36 000 people representing 198 nations, companies, international organisations and civil society met in Egypt in November 2022 to try and agree further commitments to reducing greenhouse gas emissions and slow down global warming, but little progress was made.
This post summarises the outcomes and applies some sociological concepts to this contemporary event.
What is COP 27?
Cop stands for ‘Conference of the Parties’ who meet to discuss actions to combat climate change under the United Nations Conference on Climate Change. In 2022 this was attended by representatives of 198 countries and several other representative from companies, international organisations and civil society groups.
2022 was the 27th international meeting on Climate Change since the Rio Earth Summit in 1992, this year it was held in Egypt and was attended by 35 000 people.
The 2015 COP meeting in Paris was especially signficant because this was the first time countries agreed to try and reduce global warming to within 1.5 degrees of pre-industrial levels by the year 2030.
Nationally Determined Contributions
Nationally Determined Contributions or NDCs are fundamental to reducing global emissions and keeping the rate of global warming in check. They are specific country agreements which contain policy measures countries are prepared to implement to reduce their greenhouse gas emissions.
Countries are supposed to publish these regularly, but only 24 had published revised NDCs since the previous COP meeting in Glasgow in 2021 and only 54 countries have long-term plans for reducing dependence on fossil fuels.
Main Outcomes of COP 27
The main outcomes of Cop 27 were:
- The creation of a loss and damage fund to compensate developing countries for the disproportionate damage they have suffered from climate change caused primarily by developed countries which have been the main beneficiaries of the wealth generated by the industrial revolution. However there are no details of who is going to contribute, when, to what organisations or how much money is involved.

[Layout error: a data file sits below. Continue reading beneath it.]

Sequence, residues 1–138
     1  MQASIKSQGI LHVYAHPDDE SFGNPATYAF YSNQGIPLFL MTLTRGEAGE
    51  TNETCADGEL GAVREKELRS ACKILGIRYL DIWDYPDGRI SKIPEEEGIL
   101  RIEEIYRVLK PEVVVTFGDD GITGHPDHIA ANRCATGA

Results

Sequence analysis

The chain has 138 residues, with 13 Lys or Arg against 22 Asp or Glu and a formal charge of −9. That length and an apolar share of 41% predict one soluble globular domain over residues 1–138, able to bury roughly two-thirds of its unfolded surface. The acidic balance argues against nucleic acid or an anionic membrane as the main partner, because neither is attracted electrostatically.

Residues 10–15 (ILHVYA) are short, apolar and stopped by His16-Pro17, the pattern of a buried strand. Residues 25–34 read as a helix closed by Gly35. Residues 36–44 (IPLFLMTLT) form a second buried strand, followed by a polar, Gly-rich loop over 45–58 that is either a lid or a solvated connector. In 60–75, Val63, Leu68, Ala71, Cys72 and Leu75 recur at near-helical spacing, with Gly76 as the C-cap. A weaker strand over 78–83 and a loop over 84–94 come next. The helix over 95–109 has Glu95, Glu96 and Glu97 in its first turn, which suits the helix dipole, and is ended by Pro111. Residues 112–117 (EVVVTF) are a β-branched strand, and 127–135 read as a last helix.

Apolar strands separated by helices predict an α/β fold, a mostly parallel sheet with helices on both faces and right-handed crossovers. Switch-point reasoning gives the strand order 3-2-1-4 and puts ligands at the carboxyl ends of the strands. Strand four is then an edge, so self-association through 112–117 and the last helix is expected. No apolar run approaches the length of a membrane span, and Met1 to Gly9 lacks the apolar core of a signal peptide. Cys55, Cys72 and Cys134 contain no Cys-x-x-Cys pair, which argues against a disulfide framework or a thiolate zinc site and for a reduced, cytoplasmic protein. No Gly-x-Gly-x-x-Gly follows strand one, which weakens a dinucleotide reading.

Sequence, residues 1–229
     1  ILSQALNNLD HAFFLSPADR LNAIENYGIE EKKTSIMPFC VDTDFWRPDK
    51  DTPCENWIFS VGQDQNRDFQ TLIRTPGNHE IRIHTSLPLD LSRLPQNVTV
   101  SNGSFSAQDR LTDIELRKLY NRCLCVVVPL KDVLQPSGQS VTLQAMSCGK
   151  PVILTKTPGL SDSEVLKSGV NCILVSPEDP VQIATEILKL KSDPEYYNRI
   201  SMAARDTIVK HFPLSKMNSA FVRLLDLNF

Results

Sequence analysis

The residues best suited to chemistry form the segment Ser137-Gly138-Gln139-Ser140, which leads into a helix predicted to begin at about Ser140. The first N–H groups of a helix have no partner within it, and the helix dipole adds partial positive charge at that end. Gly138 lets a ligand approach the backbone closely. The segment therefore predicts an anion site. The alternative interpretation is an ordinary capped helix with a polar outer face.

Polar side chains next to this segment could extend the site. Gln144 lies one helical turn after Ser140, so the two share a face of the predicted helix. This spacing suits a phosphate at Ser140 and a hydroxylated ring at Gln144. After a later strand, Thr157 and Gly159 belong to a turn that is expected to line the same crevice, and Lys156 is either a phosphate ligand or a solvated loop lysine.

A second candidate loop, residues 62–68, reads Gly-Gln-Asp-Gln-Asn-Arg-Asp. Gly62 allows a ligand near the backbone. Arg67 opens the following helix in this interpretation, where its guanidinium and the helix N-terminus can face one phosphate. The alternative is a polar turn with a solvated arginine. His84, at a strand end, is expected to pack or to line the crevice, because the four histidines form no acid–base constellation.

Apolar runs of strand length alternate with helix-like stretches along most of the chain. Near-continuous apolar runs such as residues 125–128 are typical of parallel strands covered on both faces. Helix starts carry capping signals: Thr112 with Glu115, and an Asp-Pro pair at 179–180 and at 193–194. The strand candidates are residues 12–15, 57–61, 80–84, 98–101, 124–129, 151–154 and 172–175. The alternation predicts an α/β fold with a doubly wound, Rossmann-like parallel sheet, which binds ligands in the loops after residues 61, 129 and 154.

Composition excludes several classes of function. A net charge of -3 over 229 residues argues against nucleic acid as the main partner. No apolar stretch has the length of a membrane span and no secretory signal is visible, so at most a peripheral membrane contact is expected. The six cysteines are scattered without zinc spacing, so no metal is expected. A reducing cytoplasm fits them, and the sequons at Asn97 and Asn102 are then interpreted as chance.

- Countries failed to agree to reduce greenhouse gas emissions to hit the 1.5 degree increase by 2020 target, although in the last year a few countries have got more ambitious and so now we are on target to only increase out emissions by 10% rather than 13%.
- Countries failed to commit to phasing out all fossil fuels, although they recommitted to phasing out the use of coal which had been introduced as part of Cop 26 in Glasgow.
- There was a commitment to scale up the use of low emission energy, although gas might be redefined as low emission because it’s less toxic than goal and oil.
- There was a recommitment by developed countries to provide $100 billion in funding to developing countries to help them adapt to climate change by funding projects such as sea defences and reforestation. However only $20 billion in funding has been provided since this was first agreed in 2021 and this year some countries tried to remove this commitment.
- There are plans in place to restructure the World Bank so that it can provide funding to developing countries to help them adapt to climate change.